I’m making my way through a sample chapter of a promising book by Henry Farrell and Cosma Shalizi on the idea of Cognitive Democracy. In it, they offer a defense of democracy as the optimal mechanism for using diverse viewpoints in arriving at optimal democratic decisions. New media promises to provide avenues for deliberating, adjudicating and aggregating these public decisions (alliteration unintended).
I’m reading this because I’m interested in the question of civic hacking, or using new technology to solve commons problems. While I’m at an early stage with my work, I’m curious to see how they reconcile how citizen input can be used (e.g. “hacked”) to produce optimal decisions with the question of how and whether those “hacked” citizen-driven solutions confront entrenched interest invested in suboptimal outcomes.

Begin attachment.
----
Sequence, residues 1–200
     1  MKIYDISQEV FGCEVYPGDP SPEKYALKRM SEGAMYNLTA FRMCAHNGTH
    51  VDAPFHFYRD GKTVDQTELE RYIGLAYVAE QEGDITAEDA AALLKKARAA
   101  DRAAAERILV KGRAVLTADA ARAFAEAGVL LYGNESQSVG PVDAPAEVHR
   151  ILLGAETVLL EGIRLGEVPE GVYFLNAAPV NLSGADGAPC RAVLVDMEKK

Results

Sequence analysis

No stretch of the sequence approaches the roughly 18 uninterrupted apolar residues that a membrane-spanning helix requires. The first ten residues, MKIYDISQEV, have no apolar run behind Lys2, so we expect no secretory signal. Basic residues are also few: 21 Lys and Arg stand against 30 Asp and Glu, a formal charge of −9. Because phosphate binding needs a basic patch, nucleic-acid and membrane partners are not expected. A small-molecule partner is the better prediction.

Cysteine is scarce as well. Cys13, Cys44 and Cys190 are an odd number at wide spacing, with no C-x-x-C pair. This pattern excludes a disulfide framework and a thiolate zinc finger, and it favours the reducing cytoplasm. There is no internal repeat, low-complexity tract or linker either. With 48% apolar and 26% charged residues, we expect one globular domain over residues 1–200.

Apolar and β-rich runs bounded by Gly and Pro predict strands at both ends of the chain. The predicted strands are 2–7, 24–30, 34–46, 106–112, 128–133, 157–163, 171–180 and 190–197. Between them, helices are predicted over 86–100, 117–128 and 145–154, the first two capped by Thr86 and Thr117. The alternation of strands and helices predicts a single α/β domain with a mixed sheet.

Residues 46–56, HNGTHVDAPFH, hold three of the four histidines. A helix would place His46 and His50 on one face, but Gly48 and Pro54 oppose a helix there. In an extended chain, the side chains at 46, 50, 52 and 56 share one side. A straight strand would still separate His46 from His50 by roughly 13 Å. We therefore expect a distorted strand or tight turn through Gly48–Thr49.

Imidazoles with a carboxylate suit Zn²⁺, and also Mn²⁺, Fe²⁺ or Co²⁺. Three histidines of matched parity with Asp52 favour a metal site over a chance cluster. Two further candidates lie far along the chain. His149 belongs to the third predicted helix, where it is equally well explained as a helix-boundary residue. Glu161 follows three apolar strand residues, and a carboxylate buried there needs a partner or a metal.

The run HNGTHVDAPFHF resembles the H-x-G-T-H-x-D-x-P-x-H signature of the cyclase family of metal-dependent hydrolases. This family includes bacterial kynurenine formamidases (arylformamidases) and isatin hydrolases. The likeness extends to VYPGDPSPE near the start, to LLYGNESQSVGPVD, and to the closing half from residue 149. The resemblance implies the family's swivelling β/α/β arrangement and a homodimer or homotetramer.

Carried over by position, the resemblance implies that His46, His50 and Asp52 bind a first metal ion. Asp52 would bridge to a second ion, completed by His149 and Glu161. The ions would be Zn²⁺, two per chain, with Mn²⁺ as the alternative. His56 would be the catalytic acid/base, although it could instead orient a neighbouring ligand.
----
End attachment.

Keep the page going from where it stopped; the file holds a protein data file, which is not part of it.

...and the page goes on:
To me, this is the great challenge of the “civic hacking” movement that emphasizes using data to optimize government decision making. A “civic hacking” ethos operates from a rational perspective on human and institutional behavior, one that assumes that policy differences result from ignorance. But a great deal of recent work in psychology finds that policy conflict is not remedied by exposure to “the truth,” rather it becomes more entrenched.
Of interest to me is how “civic hacking” that seeks to either improve government services (e.g. traffic patterns, bus routes) differs from “civic hacking” that uses data to challenge government decisions?